• What is a Cluster?

    It is a grouping of businesses and institutions relating to the knowledge economy (universities, research centres, laboratories, etc.), located in close proximity to one another, sharing a same field of competencies and working in a mutually complementary way.

    The objectives of a cluster are as follows

    • Establishing networks among the various players within the sector
    • Increasing their capacity for innovation
    • Improving company productivity
    • Fostering job growth among sector companies

    This leads to the promotion and support of collective company development, as well as providing competitive momentum, thanks to the resulting pooling of resources and economies of scale.

  • How does one come to EPAMARNE-EPAFRANCE?

     

  • What does “soft links” mean?

    The expression “soft links” means non-motorised means of transport. The Marne-la-Vallée urban development corporations collaborate with local authorities in the implementation of projects aimed at developing pedestrian or cycle tracks and links.

  • Who finances the construction of public amenities, roads and parks?

    The public amenities are mainly financed by the municipalities or groupings of municipalities, and sometimes by the counties (junior secondary schools, for example), the Region (senior secondary schools) or the state (universities, police stations, prefectural buildings). Roads are financed by the urban development corporations, the state (the Ministry of the Environment (MEDDTL)), the county and municipalities or groupings of municipalities. Green spaces are financed by the urban development corporations or the municipalities (or groupings of municipalities)

  • Where can one go to find out about bus routes and timetables?

    Some 40 bus routes criss-cross the area of Marne-la-Vallée; they are managed by the Paris public transport operator RATP ww.ratp.fr  and the PEP'S network www.buspeps.fr or www.sit-mlv34.org .  In addition, the site www.stif-idf.fr  provides more comprehensive information on all the modes of public transport in the region.

  • Who is responsible for public transport?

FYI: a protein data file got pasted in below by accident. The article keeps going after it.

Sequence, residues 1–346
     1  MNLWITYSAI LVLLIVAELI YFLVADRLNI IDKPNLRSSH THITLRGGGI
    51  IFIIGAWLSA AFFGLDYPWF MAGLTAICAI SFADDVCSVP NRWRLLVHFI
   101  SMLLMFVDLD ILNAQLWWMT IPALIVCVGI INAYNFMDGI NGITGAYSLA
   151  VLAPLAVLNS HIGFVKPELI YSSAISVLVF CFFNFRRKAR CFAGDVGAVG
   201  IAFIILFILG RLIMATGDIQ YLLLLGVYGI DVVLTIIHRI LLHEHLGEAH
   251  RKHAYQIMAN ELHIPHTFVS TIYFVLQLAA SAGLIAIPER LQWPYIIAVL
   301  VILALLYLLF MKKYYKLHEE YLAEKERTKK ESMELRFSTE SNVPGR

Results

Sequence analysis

The Ile-de-France Transport Syndicate is the organising authority for public transport in the area of Marne-la-Vallée.

  • Who should we turn to for information on planned or ongoing public works?

    Marne-la-Vallée is a very dynamic area and there are many urban developments under way.  Depending on their nature, the works may be managed by the state (particularly through the DDE, the local office of the ministry for infrastructures) or even by the local government authorities.  To obtain information about urban developments monitored by the urban development corporations, go to: www.travaux@epamarne-epafrance.com

  • Who decides on architectural styles?

    All projects are conceived in consultation with all the players in the area. Through consultation procedures and the drawing up of urban planning guidelines, architectural choices are made by the urban development corporations and the local authorities; in the Val d'Europe development sector, they are also made by the Euro Disney company.

  • Who do we go to in order to find housing?

    The Marne-la-Vallée Urban Development Corporations (UDCs) service and sell the land on which the developers build housing. The UDCs themselves do not build housing and do not have any housing for rent or for sale. In order to find housing in Marne-la-Vallée, you need to contact the ADIL, or go directly to the developers or real estate agencies.

  • Is there any building land available in Marne-la-Vallée for new housing estates?

    No. EPAmarne and EPAfrance UDCs service the plots of land, which are then sold to the property developers who carry out and market their housing programmes there.


    Voir aussi:
    Finding your home
  • What is the role of the Euro Disney company?

    Following on from the agreement signed in 1987 and within the framework of a public / private partnership unique in France, the Euro Disney Associés SCA company is involved in a part of the Val d'Europe. After having bought the land serviced by the local urban development corporation, Euro Disney Associés SCA implements its own private housing, office, and commercial property programmes within the framework of projects set up in close partnership with the local urban development corporation, the SAN of Val d'Europe intermunicipal grouping and each municipality concerned.